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Reading Expository Text

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Presentation on theme: "Reading Expository Text"— Presentation transcript:

1 Reading Expository Text

2 Expository Texts include:
text books, non-fiction trade (library) books, newspaper & magazine articles, directions, essays, speeches, user manuals (how-to guides), government documents (such as the driver’s license test booklet).

3 There are certain elements found in expository text, each type of element makes its own demands on the reader: description, sequence, comparison, cause & effect, problem & solution, proposition & support.

4 Description The author lists characteristics, features, and examples to describe a subject. Have wings use soundwaves they are mammals They fly eat insects Bats sleep in daytime hang upside down different kinds

5 Description Signal Words Signal to Reader
Such as, for example, for instance, most important, in front, beside, near A list of characteristics will follow

6 Sequence The author lists items or events in numerical or chronological order. Helps the reader understand how events are related Almost 300 males competed in the 1896 Olympics Modern Olympics began in 1896 Olympics ended in 394 A.D. Olympics began in 276 B.C.

7 Sequence Signal Words Signal to Reader
First, second, third, before, on (date), not long after, after that, at the same time, finally, then A sequence of events or steps in a process is being described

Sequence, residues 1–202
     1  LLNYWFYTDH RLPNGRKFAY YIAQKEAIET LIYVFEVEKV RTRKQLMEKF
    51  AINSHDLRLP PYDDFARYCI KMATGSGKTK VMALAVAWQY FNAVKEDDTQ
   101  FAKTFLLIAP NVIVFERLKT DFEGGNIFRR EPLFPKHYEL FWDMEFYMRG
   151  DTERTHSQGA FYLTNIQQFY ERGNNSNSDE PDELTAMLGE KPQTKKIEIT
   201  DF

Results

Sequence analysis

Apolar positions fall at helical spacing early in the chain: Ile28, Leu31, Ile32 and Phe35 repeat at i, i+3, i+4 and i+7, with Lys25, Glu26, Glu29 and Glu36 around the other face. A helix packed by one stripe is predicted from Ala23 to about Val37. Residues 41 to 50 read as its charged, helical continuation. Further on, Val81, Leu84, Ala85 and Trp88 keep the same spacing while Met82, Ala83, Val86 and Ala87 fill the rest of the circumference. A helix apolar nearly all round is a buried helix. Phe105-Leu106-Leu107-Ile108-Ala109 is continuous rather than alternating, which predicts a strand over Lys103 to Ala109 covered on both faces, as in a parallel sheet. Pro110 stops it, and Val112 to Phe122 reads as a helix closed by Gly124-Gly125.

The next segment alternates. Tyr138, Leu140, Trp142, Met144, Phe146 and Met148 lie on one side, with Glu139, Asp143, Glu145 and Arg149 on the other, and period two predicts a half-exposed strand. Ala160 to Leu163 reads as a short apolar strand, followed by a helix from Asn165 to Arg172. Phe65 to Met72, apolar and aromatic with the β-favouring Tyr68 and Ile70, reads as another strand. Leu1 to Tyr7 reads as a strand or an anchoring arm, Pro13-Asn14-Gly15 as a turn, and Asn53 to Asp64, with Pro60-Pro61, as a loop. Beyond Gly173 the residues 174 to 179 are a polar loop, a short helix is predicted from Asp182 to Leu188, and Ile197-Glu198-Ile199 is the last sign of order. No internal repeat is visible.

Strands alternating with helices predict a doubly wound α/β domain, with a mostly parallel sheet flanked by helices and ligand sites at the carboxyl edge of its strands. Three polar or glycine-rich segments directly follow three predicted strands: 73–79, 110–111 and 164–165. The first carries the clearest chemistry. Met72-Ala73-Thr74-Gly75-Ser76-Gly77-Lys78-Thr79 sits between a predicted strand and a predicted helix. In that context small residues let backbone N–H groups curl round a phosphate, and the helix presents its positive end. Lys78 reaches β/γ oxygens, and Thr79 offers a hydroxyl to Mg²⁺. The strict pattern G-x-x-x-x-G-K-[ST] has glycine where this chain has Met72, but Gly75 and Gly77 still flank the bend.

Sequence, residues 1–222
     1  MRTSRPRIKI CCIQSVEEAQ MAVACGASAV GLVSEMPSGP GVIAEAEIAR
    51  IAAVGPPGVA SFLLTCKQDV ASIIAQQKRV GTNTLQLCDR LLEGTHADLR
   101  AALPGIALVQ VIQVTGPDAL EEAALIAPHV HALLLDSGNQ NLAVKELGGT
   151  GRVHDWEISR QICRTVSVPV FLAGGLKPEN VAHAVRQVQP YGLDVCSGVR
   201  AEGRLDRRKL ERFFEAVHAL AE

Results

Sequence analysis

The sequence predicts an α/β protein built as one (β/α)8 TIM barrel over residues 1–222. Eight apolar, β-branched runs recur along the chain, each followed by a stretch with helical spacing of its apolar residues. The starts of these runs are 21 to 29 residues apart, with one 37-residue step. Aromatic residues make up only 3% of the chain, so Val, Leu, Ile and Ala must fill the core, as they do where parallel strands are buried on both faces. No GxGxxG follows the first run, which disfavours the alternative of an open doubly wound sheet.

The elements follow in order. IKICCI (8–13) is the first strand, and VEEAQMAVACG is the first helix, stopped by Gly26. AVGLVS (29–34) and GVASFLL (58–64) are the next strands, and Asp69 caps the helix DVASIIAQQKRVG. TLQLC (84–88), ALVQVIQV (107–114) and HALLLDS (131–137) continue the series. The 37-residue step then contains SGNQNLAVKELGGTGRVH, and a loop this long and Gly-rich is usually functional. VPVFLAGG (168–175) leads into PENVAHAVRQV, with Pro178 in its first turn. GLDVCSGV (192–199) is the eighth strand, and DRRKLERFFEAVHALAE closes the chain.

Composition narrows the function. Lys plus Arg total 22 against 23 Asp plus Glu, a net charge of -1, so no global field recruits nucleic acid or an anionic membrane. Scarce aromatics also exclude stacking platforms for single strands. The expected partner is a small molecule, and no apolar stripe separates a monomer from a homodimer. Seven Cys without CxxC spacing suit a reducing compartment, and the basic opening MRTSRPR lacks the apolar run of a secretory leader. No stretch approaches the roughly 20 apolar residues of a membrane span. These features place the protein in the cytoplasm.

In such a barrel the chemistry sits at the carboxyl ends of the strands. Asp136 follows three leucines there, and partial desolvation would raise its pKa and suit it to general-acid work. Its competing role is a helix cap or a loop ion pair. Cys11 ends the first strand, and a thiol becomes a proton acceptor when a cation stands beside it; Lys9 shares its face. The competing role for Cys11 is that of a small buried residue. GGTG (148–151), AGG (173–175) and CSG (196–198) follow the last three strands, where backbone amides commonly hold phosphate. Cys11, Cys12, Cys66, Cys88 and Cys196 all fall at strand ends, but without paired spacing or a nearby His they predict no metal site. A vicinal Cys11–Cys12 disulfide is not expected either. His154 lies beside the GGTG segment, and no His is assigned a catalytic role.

8 Comparison The author explains how two or more things are alike or different. no snow warmer temperatures flowers baby animals Easter & 4th of July seasons – sun shines sports are played Summer and Winter snow colder temperatures no flowers blooming bears hibernate Christmas & New Years

9 Comparison Signal Words Signal to Reader
Like, unlike, but, in contrast, on the other hand, however, also, too, as well as Likenesses and differences are being presented and/or discussed

10 Cause & Effect The author explains one or more causes and the resulting effect or effects.

11 Cause and Effect Signal Words Signal to Reader
Therefore, so, this led to, as a result, because, if…then…, consequently, cause, effect, in order to, since Evidence of causes and effects will be given

12 Problem & Solution The author states a problem and lists one or more solutions for the problem.

13 Problem and Solution Signal Words Signal to Reader
Solution, solve, effect, hopeful, concern, challenge, resolve Problems AND solutions will be discussed. With problem and solution there is ALWAYS a solution

14 Proposition & Support The author makes a claim/statement and supports it with details

15 Proposition & Support Signal Words Signal to Reader
Clearly, logically, surely, in conclusion, therefore A claim will be made and details will be given to support the claim. Author is trying to persuade

16 Marking the Text In order to identify which type of expository text you are reading and to determine the author’s purpose, it is important to mark the text. When marking the text for nonfiction there are three steps to follow.

17 #1,2,3 Step 1 Number the paragraphs
Do this first as it will give you a reference point when you are reading #1,2,3

18 Step 2 Circle key terms, cited authors, and other essential words or numbers To identify key terms consider if the word is repeated, defined by the author, used to explain an idea, a central concept, or relevant to the reading purpose

19 Step 3 Underline the author’s claims and other information that is relevant to the reading purpose Claim: An arguable statement that should be supported with data, facts, and other backing Claims can be anywhere in the text There may be more than one claim

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